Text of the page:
Walking into my waiting studio space this morning, the first day coming in all set up with my gear, my books and my brain-storm chalkboard, the phrase, “You’ve made your bed, now lie in it,” came to mind. But in a good way. And that’s exactly what I did.
It is taking some crafty gentling of my results-oriented, perfectionist, performative, prove-your-worth side to settle into the quality of time I want to be spending here. We put so much effort as musicians into working as efficiently as possible to save the ever-elusive commodities of time and money that it is hard to slow down into a deeper pace. I actually get a lot of satisfaction out of efficiency, so that’s not a complaint, but exploring and, um, PLAYING, are way more enjoyable with both eyes on the imagination instead of on the clock. Just for a while. And then again later.
Today I sang a lot, using my favourite approaches to viola as a model for exploring a spontaneous approach to my voice. It was fun and freeing to start with a simple sound gesture like a breath or a sigh, then just follow the development of the sound without judgement. It’s musical meditation, essentially, as learned from Malcolm Goldstein years ago. I’ve always held those lessons close, and finally remembered to apply them to the most common yet most vulnerable of instruments.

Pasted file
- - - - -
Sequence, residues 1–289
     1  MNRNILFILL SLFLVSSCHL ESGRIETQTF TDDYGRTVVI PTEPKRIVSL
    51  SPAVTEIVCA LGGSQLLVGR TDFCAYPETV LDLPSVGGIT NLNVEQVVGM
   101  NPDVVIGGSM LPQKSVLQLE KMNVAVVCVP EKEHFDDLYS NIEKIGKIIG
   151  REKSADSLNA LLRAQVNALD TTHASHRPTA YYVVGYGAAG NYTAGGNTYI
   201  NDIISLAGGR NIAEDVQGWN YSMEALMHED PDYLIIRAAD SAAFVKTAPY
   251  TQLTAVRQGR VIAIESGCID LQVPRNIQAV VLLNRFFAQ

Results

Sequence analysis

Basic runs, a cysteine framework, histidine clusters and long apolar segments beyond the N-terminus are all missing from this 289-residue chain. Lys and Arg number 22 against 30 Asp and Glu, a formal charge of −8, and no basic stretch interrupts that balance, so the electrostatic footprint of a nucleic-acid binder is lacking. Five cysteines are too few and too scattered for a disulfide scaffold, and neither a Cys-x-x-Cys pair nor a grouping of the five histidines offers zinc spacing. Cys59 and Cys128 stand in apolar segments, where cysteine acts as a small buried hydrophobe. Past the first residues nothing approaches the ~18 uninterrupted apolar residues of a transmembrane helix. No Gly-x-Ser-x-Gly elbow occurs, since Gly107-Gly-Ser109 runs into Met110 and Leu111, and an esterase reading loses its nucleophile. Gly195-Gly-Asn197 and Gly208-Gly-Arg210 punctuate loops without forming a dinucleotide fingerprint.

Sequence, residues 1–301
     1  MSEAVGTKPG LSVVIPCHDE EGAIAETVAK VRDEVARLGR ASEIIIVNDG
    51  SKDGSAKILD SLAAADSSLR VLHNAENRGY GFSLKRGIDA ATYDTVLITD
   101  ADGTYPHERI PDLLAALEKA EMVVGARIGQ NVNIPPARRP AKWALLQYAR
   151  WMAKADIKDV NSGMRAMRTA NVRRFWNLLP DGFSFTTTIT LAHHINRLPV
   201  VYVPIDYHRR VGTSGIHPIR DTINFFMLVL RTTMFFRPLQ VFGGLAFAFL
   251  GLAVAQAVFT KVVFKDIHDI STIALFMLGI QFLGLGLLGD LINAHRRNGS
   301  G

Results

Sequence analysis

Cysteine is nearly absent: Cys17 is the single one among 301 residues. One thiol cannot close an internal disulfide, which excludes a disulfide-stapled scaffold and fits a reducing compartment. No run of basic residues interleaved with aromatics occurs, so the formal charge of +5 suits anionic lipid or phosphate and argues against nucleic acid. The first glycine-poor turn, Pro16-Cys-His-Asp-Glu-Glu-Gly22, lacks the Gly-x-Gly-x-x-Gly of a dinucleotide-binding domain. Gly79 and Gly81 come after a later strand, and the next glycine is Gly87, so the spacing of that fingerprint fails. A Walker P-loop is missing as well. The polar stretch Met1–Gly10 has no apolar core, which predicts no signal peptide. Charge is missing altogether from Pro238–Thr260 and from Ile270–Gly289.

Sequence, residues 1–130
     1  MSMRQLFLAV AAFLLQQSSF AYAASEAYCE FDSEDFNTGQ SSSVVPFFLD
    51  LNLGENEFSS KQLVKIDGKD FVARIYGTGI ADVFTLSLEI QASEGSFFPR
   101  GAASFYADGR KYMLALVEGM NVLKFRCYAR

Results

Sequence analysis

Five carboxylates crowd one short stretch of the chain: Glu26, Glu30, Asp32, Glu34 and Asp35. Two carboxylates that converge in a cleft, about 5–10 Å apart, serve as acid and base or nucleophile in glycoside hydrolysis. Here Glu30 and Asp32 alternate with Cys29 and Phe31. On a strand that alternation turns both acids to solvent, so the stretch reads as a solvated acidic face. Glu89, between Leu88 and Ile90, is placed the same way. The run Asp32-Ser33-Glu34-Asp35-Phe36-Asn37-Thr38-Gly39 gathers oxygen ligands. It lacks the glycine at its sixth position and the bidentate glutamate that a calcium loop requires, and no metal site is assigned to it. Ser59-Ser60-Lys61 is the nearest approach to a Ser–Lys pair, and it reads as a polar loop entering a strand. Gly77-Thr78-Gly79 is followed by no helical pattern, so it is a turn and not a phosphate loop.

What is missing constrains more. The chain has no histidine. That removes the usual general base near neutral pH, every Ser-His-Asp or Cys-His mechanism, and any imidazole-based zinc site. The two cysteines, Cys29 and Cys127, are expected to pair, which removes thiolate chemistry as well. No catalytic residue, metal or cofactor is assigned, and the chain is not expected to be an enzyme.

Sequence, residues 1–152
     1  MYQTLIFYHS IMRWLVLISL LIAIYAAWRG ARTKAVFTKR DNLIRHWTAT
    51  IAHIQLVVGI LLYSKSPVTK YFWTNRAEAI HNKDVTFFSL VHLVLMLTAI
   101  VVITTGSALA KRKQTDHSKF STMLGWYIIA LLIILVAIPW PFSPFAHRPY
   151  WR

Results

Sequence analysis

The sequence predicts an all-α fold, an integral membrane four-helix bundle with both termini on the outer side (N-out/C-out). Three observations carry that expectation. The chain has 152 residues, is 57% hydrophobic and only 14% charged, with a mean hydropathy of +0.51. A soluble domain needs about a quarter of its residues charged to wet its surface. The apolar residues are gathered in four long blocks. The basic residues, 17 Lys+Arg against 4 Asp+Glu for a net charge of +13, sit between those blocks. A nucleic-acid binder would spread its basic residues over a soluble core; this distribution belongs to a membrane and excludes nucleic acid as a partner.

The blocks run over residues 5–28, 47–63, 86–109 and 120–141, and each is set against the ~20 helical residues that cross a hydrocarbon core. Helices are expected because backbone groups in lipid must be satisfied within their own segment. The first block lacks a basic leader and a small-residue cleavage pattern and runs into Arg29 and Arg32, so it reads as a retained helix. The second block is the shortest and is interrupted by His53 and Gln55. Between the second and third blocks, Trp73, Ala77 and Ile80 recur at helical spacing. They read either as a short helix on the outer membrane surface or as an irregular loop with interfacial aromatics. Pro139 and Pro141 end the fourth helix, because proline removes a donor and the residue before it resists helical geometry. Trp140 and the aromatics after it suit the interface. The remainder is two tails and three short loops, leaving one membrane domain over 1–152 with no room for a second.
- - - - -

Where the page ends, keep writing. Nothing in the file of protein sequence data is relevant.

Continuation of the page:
My first session with a Halifax musician was also today, with the very excellent alto sax player Andrew MacKelvie! A great way to try out new sounds and skills is with someone who’s never heard you play before – no surprises – or all surprises, I suppose!
While writing about what has been stopping me from opening my mouth to sing in improv over the past years, I made a funny slip of the pen: I meant to write something about how the voice can be awkward in abstract improv because it contains such obvious references (to songs, speech, styles of music), but instead I wrote “reverences.” The obvious reverence of the voice.